As a DM team, we want to understand what drives our players and their PCs so we can tailor our events to their enjoyment. We can also help players to flesh out their characters, to understand the setting, to enhance RP and to reduce inconsistencies.

Character ManagementEdit

The two main tools we use here are Tells and observation. Because there's no sense in asking a player the same thing over and over, use the forums to share your theories with the team.

There are three interventions you can perform in this role. The first is awarding XP, the second is adjusting alignment and the third is coaching a player. They all depend on an understanding of player and character motivation.

As DM you have the ability to award PCs experience points even outside events. There are two reasons to do so. First, to reward the player for extraordinary energy put into the game. This is most obvious when they go to lengths to get other players involved in their activities, but can also be a more subtle show of effort. If the effort isn't linked to a specific character, ask them which PC they think should receive the bonus. Second, to reward a player for playing a character consistently and in line with the mechanics. A good time to do this is when they make IC choices which may be to their detriment but satisfy their personality. Always explain why XP was awarded. As for the height of the award, consider that most characters advance at an average rate of 75-100 XP per play day. And to prevent multiple DMs rewarding the same thing, remember to post the reason and amount on the forums.

Alignment adjustments should never happen without asking why a PC made a certain dramatic choice. You must be aware of a PC's motivation before you can decide to which of the nine alignments it belongs. In almost all situations, alignment shifts by 1-2 points (a CN PC performing a LG act gets +1 good point and +2 law points) and only one adjustment should happen in any given week, with exceptions for radical behaviour. If a PC's alignment does not change for a few weeks, consider moving it deeper into the field it's already in when a good opportunity presents itself (or is presented by you). We change alignment points to show the consequences of a choice. For players, this is validation that their PCs are noticed and a visible reflection of the character's struggles.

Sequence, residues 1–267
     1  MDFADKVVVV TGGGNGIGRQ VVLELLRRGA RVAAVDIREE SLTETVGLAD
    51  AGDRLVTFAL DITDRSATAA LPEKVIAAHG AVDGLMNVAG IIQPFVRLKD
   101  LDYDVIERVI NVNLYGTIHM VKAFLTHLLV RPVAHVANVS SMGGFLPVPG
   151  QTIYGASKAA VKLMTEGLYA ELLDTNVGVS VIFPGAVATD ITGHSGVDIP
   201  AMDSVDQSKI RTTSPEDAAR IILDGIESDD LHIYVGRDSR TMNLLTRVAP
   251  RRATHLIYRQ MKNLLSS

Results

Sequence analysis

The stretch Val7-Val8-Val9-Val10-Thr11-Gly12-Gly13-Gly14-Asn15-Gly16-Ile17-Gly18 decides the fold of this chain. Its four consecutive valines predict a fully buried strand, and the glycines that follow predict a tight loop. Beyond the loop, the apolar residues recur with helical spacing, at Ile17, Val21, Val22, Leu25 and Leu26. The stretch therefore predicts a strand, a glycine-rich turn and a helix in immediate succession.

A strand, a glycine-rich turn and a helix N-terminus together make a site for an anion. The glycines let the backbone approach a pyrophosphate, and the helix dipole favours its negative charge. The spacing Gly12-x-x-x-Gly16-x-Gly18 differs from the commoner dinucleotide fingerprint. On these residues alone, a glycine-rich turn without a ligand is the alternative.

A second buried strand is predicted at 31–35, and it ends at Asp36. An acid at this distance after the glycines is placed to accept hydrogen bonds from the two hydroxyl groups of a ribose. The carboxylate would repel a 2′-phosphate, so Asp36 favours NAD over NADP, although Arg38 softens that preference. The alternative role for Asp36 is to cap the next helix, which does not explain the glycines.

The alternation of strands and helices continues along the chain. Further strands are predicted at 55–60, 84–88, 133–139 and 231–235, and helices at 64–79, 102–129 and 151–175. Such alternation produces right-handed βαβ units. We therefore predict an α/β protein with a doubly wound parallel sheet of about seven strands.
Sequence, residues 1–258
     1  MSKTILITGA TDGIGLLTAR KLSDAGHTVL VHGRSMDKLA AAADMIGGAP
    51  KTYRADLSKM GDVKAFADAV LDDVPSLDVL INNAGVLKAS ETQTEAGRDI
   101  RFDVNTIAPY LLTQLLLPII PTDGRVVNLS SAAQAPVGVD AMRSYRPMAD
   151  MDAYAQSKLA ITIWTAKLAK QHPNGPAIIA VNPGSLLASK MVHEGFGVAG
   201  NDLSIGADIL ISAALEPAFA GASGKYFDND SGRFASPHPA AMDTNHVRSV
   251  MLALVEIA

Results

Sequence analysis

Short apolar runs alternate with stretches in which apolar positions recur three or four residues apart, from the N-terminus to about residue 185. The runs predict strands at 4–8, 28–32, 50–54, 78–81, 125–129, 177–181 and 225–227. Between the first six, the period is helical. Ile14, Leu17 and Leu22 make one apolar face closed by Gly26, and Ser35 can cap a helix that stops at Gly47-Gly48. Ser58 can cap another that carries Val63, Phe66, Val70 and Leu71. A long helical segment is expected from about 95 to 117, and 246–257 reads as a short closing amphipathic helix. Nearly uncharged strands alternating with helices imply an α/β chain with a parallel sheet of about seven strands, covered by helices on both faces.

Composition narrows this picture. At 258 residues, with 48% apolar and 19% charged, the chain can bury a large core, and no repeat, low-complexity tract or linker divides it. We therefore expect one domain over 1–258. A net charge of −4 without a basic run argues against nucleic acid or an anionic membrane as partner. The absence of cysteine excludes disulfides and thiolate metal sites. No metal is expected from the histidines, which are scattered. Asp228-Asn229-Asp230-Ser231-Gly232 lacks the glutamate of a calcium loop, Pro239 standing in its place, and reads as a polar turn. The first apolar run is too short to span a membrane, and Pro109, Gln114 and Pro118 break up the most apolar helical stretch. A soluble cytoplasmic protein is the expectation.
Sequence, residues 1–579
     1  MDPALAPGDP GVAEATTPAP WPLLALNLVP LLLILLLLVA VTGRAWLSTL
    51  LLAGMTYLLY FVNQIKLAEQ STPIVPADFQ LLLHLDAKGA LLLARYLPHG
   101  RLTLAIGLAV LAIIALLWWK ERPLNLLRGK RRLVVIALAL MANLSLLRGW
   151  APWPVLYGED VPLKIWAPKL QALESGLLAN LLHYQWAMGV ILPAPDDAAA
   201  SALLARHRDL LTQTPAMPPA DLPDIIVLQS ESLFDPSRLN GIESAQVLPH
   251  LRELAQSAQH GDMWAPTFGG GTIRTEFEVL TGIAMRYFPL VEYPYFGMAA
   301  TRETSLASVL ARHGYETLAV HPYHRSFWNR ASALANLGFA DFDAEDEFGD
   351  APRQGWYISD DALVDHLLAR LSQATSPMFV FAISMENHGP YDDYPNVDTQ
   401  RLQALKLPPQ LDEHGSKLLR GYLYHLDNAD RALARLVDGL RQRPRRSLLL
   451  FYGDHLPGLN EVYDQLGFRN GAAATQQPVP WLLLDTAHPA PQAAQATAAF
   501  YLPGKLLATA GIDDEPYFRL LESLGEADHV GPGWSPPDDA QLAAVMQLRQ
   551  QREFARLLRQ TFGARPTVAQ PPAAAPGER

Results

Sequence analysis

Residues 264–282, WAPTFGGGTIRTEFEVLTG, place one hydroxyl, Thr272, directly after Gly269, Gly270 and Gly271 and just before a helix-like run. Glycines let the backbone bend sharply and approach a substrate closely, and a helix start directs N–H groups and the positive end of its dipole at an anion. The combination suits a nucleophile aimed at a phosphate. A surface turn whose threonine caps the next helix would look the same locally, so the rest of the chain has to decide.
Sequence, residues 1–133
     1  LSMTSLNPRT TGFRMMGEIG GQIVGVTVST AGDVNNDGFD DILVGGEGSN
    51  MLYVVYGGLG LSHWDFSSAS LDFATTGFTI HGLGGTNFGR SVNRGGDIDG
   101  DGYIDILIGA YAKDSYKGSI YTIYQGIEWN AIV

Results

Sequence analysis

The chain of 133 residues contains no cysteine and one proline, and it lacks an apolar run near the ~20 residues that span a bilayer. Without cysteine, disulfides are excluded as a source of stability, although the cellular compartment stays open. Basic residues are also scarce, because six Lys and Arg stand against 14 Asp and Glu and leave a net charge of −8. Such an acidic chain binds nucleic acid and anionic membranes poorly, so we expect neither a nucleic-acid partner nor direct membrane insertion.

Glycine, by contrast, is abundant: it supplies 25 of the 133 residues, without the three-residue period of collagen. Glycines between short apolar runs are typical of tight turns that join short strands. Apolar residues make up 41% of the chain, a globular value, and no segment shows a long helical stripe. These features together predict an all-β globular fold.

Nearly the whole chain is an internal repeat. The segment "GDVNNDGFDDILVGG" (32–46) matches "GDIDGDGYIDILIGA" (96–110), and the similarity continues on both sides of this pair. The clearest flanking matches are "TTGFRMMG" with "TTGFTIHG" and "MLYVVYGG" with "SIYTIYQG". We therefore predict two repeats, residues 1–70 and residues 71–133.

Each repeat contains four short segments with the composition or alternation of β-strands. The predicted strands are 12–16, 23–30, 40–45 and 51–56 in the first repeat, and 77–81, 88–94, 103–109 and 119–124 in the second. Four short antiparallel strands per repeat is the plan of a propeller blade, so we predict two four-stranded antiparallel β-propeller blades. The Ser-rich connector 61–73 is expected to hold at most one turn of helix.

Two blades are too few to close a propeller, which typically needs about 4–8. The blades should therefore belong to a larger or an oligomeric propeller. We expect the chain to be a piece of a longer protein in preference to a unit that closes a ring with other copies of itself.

Coaching is used to help others improve their play. As DM, you should take an active role in making sure players who struggle can learn to earn RP XP. Ask if you can give them some pointers. Tell them you noticed something unexpected and explain why you think it's wrong. Ask them if they agree and discuss how you can improve it together. Be as constructive as you can, in the understanding that each DM looks for different things and everyone picked up some bad habits in their life.


Player motivation can be categorized and scored in different ways. There is a Page with examples.

Character motivation tends to be more concrete. What they will and won't do is related to their background, group dynamics, shortages, fears, ambitions, dreams and general personality. Sometimes it's not so much about what is asked of them as the way it is phrased. Some PCs want to be persuaded, others are turned off by insistence.

You can find a lot of clues in a PC's alignment, deity, inventory, examine description and forum biographies. Listening to conversations and noting how they solve obstacles during events will also provide free information. Using Tells, you can get more specific and detailed information. As with ambient DMing you'll want to avoid disrupting immersion as much as possible. If you're not sure why a PC made a certain choice, it's better to ask for clarification as it happens rather than afterwards. Otherwise it's best to look for quiet moments. To get your information, you can ask direct questions or just strike up a conversation. Most players are happy to talk about their characters and you can learn what you want to know by listening and asking the right questions. Other players prefer to keep their character's dearest secrets close for fear of anyone including DMs using it against them. This is a rational fear, but see if you can liberate something anyway. When you talk with players, accentuate the positive things they do. Get excited about their characters and encourage them to dream of their futures. If something seems out of character, ask if it is. Either you help the player to fix an oversight or you discover something new. If you can learn what draws a PC into an event and what makes an event enjoyable to the players, we can all make our events more awesome.